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Understanding margin and padding in CSS

Sunday, October 28th, 2012 by Servage

CSS is a powerful tool to design your website. It transforms your HTML code into beautifully styled content for your visitors pleasure. In the web world it is generally acknowledged as standard, to divide content and design, seeing the HTML a

s a semantical representation – regardless of layout. The CSS is the extra layer that transforms the HTML into a custom view. The advantage is that HTML and CSS development can be split up – which makes sense. Content developers focus on HTML, designers focus on CSS. And as long as everyone is producing standard compliant code, it should work out fine.

If you’re not sure if your code is standard compliant, then read this article.

When using CSS, most HTML elements can use a “border”, “margin” and “padding” attribute. The margin and padding decides how an element i spaced towards it’s own inner content, as well as towards outside surrounding content – and it’s own border position.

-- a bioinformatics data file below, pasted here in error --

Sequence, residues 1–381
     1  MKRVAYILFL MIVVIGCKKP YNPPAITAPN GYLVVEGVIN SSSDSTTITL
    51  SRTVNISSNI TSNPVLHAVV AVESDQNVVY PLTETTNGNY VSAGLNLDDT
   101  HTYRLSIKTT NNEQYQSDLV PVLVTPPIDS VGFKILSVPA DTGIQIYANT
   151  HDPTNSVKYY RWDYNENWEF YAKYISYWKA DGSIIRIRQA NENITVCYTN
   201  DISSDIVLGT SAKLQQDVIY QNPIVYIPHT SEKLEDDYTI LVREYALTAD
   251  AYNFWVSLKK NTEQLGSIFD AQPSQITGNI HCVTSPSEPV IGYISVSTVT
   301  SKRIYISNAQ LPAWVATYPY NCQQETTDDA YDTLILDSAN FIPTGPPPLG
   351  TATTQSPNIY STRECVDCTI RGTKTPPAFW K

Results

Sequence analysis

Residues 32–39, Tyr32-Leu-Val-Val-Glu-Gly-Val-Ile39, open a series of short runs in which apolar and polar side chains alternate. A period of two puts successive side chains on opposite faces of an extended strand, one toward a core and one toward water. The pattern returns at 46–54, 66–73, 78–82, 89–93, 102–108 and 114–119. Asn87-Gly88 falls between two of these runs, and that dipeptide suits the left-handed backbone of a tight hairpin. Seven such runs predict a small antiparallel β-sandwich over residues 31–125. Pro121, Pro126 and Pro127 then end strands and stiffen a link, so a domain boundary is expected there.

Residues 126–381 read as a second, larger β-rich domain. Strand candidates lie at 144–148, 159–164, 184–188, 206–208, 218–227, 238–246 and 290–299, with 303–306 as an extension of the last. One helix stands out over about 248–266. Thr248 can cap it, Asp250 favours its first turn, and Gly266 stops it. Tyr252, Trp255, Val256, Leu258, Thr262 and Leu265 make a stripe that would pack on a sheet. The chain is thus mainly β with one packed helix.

Which influences do the settings have:

  • The border setting indicates which style, how thick and what color a border should have.
  • The margin attribute indicates which distance there should be between the border and surrounding content.
  • The padding attribute indicates which distance there should be between the border and inner content of the element.
Example code:
<div id="test">Inner content</div>
#test {
  margin: 10px;
  border: 1px solid #000000;
  padding: 10px;
}
Please take a look at the illustration for this article. Starting in the middle, it shows an inside content area, a space between that content are and the border (set by padding), then comes the border, followed by a space between the border and surrounding content (set by margin).

 

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Categories: Guides & Tutorials, Tips & Tricks

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